RFE/RL – Radio Free Europe/Radio Liberty (Autor)
A homeless mother and her young child sleep on a night bus as it weaves through the empty streets of the Iranian capital, Tehran.
The pair are among a growing number of Iranians who are resorting to sleeping in public buses out of economic desperation.
Photos of the mother and daughter have gone viral on social media, serving to highlight the deepening poverty in Iran, where the economy has been crippled by tough international sanctions, the coronavirus pandemic, and years of mismanagement.
The plight of the "bus sleepers," as labelled by Iranian media, was first reported by Tehran-based trade publication Tejaratnews on December 29.
The outlet reported that many of them were residents with menial jobs. Unable to afford rent, they purchase tickets to the end of a bus line. During the hourslong journey, many take refuge from the winter cold and catch up on sleep. They usually get off the bus before the morning rush hour, the outlet reported.
According to Iranian media reports, the cost of rent in Tehran and its suburbs has jumped by around 50 percent in the past year. Those remaining in the capital spend between 60 and 70 percent of their income on housing, reports say.
"For them, a seat on the bus is like cheap accommodation in the capital. But even this cheap accommodation costs them between 360,000 and 750,000 tomans per month ($12 to $30)," Tejaratnews reported.
"During the day, each of them is busy [working] and at night they take refuge here," an unnamed bus driver told Tejaratnews. "Do not think that they're all [drug] addicts. Each of them has a job."
The semiofficial ISNA news agency, which published images of the bus sleepers, reported that Tehran's public buses are the only safe places to sleep for many poor Iranians who make a living as laborers or street traders.
"The buses on these cold nights are full of homeless women, men, and even children who each have different stories," ISNA said.
The news agency claimed that many of those sleeping on buses have refused to go to shelters, calling them "unhygienic." Some reports also suggested there were not enough shelters for the growing number of homeless people in the city.
Downplaying The Issue
Photos and media reports about the bus sleepers have promoted reactions by Iranian officials, who have attempted to downplay the issue by saying many of them were drug addicts. Some officials have accused foreign-based, Persian-language media outlets of using the issue to spread "negative propaganda" about the country.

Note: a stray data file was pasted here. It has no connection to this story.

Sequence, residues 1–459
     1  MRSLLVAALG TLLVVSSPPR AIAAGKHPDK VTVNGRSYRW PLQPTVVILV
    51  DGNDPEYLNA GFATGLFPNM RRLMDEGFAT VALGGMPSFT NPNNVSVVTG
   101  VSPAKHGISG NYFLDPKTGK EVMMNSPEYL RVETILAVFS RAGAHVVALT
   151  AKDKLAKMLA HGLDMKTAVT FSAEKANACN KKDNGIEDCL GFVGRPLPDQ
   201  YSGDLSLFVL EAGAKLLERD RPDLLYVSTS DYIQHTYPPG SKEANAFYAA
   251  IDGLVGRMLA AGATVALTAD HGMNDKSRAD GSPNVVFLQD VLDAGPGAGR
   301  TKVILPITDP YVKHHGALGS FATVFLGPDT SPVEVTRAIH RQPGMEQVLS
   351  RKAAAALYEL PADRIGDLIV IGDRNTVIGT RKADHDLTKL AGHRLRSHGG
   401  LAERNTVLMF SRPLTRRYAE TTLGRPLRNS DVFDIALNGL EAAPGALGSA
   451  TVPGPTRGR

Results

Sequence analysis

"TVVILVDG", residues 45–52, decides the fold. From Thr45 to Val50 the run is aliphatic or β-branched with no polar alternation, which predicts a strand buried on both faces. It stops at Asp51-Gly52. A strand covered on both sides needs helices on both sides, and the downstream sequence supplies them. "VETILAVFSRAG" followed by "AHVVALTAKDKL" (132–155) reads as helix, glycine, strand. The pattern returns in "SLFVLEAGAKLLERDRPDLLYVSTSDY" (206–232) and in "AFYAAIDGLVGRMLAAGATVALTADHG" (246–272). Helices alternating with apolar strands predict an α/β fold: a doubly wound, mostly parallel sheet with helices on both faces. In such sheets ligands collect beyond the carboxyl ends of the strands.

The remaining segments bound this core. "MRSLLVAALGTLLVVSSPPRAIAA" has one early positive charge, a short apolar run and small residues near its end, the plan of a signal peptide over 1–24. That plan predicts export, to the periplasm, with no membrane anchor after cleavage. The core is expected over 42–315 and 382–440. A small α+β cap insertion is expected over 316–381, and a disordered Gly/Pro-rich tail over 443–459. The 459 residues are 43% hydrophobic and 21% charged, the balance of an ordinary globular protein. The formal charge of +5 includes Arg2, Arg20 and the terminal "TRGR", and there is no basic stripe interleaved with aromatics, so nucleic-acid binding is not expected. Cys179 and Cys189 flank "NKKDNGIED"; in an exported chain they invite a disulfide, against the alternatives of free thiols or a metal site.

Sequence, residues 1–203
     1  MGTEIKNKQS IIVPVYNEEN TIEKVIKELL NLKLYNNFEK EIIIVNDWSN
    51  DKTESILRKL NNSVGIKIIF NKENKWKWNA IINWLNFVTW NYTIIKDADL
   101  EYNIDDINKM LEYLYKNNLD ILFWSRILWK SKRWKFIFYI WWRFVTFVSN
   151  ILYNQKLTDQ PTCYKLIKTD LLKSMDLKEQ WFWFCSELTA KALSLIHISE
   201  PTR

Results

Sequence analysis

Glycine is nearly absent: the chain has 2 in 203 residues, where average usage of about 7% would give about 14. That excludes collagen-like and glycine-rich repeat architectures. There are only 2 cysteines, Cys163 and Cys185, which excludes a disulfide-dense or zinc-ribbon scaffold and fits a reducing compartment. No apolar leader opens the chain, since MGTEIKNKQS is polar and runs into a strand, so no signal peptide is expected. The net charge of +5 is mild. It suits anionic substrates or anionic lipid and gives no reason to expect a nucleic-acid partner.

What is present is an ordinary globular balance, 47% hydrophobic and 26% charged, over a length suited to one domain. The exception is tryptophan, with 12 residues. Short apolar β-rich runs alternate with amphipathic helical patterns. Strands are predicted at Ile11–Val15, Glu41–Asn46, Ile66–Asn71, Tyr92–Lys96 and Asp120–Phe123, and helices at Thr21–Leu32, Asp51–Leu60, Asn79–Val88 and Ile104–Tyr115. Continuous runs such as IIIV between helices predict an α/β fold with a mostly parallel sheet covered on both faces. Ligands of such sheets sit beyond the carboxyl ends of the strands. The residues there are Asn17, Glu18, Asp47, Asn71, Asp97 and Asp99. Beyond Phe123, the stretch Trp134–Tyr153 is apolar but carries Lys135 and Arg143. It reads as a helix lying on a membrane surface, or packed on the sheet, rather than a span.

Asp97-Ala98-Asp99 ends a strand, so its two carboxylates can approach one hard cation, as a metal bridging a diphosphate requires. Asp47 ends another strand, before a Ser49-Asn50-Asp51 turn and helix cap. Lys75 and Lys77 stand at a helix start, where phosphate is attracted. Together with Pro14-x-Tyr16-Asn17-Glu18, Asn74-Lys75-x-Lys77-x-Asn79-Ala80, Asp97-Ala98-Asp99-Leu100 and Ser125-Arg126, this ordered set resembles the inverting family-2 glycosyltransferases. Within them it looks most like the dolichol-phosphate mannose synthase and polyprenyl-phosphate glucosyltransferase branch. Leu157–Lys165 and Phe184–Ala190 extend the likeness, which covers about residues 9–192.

Mahmud Tarafo'e, the managing director of the Tehran Bus Company, claimed the issue was less widespread than reported.
"How can we tell if a [bus] traveler has a place to sleep or not?" he was quoted as saying by the state news agency IRNA on January 1. "We do not deny the existence of this phenomena, but it is a social and economic issue, and the Tehran Bus Company has no role in it. We have also seen in the past that drug addicts sleep in buses."
But Ahmad Ahmadi Sadr, the managing director of the Welfare Organization of Tehran's Municipality, said that 20 buses in 20 different areas of Tehran had already been designated for the homeless to sleep in during this winter.
For his part, Mehdi Chamran, the head of Tehran's city council, quoted the mayor as saying that the bus sleepers will be relocated to an unspecified location. He did not provide further details.
"There are problems but whatever we do our work is being [misinterpreted]," he said on January 4. "We're being scrutinized by domestic and foreign media. Foreign news agencies have forgotten how garbage collectors live in [cities like] London or [in other] countries."
'A Time Bomb'
In an interview with RFE/RL's Radio Farda, Sweden-based sociologist Mehrdad Darvishpur accused Iranian authorities of attempting to diminish the importance of the issue. "Not only does it not help to resolve the issue, but this issue will keep growing and [become] a time bomb," he said.
Iranians have shared the images of the homeless sleeping in buses on social media while expressing concern over rising poverty in the country.
"This is Tehran," said Twitter user Vahid Jafari, who posted a video of people sleeping on a bus. "The poverty of the dear people of Iran increases every day."
"How can [one] not break by seeing these images?" journalist Elham Zohrevand wrote on Twitter while sharing the viral photo of the homeless mother and child sleeping in a bus.
Homelessness in Iran has increased significantly in recent years as millions have been pushed into poverty, according to observers. The exact number of homeless people in the Islamic republic is unknown.
Iranian media reports say that homeless people have resorted to sleeping in cardboard boxes, under bridges, or in cars.
In 2016, the daily Sharvand shocked the nation by publishing photos of homeless people sleeping in graves outside the capital.
Former lawmaker Ahmad Tavakoli, a member of Iran's powerful Expediency Council, a body that advises Supreme Leader Ayatollah Ali Khamenei, said last year that 60 percent of people in the country of some 84 million live under the poverty line.
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